Little over a month ago, AT&T announced that on a two-year contract the Samsung Galaxy S4 in 32GB storage trim will be available for $249.99. In the meantime the 16GB version hit the mobile operator's stores for $50 less, but even today the 32GB Galaxy S4 is still nowhere to be seen.
On its Twitter account, AT&T sheds some light on the matter and reveals that the 32GB Galaxy S4 is available starting this Friday, May 10. In just a couple of days prospective customers will be able to purchase the smartphone for $249.99 alongside a two-year contract and qualifying plans.
After a year-and-a-half on an iPhone 4S, I'm now on the current cutting-edge of smartphonery: Samsung Galaxy S4. I've used the phone for almost 3 days now. It's good. I'm excited. Are there any ball games on tonight?
Where was I? Oh yeah, the phone. I'm so excited that I could...do something that excited people do. Honestly, it's a phone. It's a very nice phone with some great features, a great physical design and a lot of bling features that I'll probably never use. I can believe it's the best of the Android phones, but I haven't tested all the others.
If you want to buy a Galaxy S4 and are a clumsy person then you might want to invest in an aftermarket case (or rethink your decision). According to SquareTrade, a company that provides protection plans, Samsung's latest Android flagship smartphone is easy to break, more so than the Galaxy S3 and the Apple iPhone 5.
SquareTrade pits the three smartphones against each other in eight key areas including front panel protection, grip, water resistance and drops. The Galaxy S4 scored badly in the slide and drop tests, grip-ability and size, giving it the highest breakability mark of seven out of 10 (lowest scores are best).
Yesterday we informed you that T-Mobile had announced a change of plan concerning its Samsung Galaxy S4 online availability. Due to an "unexpected delay with inventory deliveries", the US mobile operator revealed that the smartphone will be available online starting Monday, April 29, instead of yesterday, April 24, as was previously planned.
Because of the delay in inventory deliveries it looks as if T-Mobile customers will also have to wait a tad longer to actually purchase the Galaxy S4 from the mobile operator's brick and mortar stores.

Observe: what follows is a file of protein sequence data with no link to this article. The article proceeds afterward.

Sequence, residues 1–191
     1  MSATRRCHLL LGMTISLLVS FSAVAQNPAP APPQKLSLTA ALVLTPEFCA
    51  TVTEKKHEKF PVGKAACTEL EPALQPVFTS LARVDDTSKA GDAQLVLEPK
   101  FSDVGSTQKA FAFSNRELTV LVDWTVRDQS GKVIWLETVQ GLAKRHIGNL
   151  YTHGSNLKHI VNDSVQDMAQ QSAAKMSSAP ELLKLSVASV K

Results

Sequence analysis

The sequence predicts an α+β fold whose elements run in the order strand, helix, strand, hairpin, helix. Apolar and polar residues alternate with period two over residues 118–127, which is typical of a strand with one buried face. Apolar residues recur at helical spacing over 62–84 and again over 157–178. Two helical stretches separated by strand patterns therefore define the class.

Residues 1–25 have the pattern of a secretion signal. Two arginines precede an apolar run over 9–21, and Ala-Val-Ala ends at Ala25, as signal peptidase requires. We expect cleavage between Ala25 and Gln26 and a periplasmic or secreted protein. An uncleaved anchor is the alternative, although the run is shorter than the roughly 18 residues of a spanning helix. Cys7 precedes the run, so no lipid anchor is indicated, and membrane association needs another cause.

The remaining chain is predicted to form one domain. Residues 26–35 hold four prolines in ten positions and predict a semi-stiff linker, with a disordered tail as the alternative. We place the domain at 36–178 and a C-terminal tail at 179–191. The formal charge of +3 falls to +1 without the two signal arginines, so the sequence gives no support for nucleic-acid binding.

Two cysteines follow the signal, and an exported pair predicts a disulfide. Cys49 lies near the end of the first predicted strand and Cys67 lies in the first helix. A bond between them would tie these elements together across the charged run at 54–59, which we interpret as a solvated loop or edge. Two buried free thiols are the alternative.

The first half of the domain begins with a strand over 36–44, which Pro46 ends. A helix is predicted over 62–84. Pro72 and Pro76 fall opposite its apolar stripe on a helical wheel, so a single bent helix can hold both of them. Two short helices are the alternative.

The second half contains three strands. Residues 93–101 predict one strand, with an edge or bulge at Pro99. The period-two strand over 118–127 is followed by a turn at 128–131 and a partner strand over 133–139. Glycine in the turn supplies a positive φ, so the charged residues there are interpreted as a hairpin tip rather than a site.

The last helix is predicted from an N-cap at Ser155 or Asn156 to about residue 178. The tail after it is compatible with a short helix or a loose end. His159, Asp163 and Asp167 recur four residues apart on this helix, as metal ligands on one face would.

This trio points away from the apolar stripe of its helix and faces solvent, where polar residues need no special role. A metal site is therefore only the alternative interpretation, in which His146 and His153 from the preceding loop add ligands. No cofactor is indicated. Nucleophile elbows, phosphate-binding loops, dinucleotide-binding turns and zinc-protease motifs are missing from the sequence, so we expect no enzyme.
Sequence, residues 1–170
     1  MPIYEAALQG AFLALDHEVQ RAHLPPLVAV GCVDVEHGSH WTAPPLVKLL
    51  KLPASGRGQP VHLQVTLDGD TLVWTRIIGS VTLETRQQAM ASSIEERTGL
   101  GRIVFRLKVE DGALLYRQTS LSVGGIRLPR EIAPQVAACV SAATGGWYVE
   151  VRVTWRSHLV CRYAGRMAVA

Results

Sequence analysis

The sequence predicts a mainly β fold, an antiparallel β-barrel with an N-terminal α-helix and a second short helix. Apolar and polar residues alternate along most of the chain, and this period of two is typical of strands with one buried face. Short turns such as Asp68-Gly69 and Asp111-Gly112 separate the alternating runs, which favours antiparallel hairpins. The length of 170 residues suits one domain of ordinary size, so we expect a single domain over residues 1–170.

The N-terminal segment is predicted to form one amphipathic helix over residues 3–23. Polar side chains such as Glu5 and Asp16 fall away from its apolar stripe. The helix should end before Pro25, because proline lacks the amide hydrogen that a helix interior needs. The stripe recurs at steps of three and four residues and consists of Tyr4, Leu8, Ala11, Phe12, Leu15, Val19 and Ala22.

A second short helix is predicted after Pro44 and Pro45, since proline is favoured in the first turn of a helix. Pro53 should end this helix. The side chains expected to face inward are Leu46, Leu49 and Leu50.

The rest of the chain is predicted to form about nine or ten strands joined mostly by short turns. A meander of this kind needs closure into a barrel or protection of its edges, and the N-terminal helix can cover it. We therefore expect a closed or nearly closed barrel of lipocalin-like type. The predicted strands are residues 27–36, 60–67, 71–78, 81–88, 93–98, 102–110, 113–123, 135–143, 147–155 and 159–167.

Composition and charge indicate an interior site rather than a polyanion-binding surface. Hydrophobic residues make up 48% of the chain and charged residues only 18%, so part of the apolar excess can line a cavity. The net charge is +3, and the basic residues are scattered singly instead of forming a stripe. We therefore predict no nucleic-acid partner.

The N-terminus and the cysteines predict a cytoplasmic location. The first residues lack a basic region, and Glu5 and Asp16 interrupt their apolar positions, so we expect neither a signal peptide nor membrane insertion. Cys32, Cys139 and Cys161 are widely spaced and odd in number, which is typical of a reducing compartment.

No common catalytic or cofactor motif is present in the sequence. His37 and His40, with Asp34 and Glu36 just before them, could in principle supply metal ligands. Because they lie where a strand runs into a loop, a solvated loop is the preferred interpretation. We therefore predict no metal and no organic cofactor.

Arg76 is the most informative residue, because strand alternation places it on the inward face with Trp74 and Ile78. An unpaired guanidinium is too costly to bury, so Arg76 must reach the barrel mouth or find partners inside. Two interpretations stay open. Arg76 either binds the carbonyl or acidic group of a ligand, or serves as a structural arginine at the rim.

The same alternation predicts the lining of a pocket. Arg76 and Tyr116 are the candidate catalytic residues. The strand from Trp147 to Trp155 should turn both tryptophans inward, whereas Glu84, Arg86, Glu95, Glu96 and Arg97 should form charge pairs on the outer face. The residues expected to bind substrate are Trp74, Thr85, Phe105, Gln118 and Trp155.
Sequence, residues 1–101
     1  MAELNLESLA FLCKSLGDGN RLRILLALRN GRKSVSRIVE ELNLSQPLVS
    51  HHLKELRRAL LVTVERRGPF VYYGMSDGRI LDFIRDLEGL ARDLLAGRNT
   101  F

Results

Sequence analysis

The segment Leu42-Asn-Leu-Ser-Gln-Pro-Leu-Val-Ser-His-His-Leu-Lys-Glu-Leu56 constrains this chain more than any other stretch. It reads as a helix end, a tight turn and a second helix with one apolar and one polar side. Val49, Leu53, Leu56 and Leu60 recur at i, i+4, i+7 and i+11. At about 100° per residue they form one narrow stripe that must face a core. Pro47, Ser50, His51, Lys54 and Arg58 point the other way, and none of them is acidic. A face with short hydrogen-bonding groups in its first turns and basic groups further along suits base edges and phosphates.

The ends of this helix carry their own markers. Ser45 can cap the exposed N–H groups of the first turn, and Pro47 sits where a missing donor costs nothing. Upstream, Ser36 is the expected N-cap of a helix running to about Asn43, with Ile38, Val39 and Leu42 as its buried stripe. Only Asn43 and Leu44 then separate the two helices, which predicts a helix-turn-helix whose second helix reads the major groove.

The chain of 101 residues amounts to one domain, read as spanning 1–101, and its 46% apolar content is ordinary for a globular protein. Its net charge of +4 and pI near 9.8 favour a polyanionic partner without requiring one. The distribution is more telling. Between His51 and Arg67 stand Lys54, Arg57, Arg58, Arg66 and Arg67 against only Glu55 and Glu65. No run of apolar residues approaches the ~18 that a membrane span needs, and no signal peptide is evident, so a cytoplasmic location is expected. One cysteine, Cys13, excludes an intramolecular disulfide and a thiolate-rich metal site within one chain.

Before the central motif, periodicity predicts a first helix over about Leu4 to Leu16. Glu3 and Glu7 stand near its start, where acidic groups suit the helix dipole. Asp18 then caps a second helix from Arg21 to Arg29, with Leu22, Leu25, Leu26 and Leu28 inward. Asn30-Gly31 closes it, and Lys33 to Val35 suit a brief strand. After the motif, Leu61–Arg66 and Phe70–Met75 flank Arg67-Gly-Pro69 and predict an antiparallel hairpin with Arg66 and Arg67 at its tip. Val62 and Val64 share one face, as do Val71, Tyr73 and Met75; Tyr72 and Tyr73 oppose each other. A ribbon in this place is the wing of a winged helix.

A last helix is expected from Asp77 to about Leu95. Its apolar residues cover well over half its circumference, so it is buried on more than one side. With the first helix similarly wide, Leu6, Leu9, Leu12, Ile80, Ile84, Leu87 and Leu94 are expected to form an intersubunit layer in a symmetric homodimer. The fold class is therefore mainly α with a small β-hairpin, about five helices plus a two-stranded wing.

If you are a T-Mobile customer waiting to receive the Samsung Galaxy S4 then we have some bad news for you. The US mobile operator has announced that the smartphone's availability is delayed until next week.
The Galaxy S4 was supposed to be available starting today, April 24, on T-Mobile's website. However, according to the carrier, due to "unexpected delay with inventory deliveries" the smartphone's official sales date is now pushed to next week. "Online availability is expected to begin on Monday, April 29", says T-Mobile.
Unveiled in mid-March, the Samsung Galaxy S4 is one of the most eagerly awaited smartphones to be sold this year. Major mobile operators across the world have already announced pre-order offers, but one big player has yet to reveal any details concerning the Galaxy S4.
Verizon, one of the largest mobile operators worldwide and second-largest in the US, is expected to sell the Galaxy S4 in the upcoming period but, until Friday, the big red did not disclose any details concerning the date of availability.
Two days after AT&T started taking pre-orders for Samsung's Android flagship, US mobile operator Sprint has made the Galaxy S4 available for purchasers who wish to get their hands on the smartphone before the official sales day.
If you pre-order a Galaxy S4 from Sprint, America's third-largest carrier says that it will do its "best to get it to you by Saturday, April 27". That's three days before shipments start on AT&T. But what's the damage on your credit card? On a two-year contract the Sprint-branded 16 GB Galaxy S4 -- available in both Black Mist and White Frost -- runs for $249.99, which is $50 more compared to what AT&T asks for the smartphone in the same 16GB storage trim.
Little under three weeks ago, AT&T revealed that it would be offering the Galaxy S4 for pre-order starting April 16. And today Samsung's latest Android flagship is indeed available at the US mobile operator for those who wish to purchase the smartphone before the official sales start.
What's the damage? Similar to its predecessor, on a two-year contract with "qualifying voice and data plans", the Galaxy S4 in 16 GB storage trim can be pre-ordered for $199.99. Should you choose to go with AT&T's one-year contract, the same smartphone runs for $449.99, again with "qualifying voice and data plans".
Last week I asked if you would buy Samsung's newest smartphone, which goes on sale later this month. With a large enough sample size -- 1,700 responses so far -- time is come to share the results. Seventy percent say they will buy Galaxy S4, although not all immediately. Just 20 percent answer flat-out "No".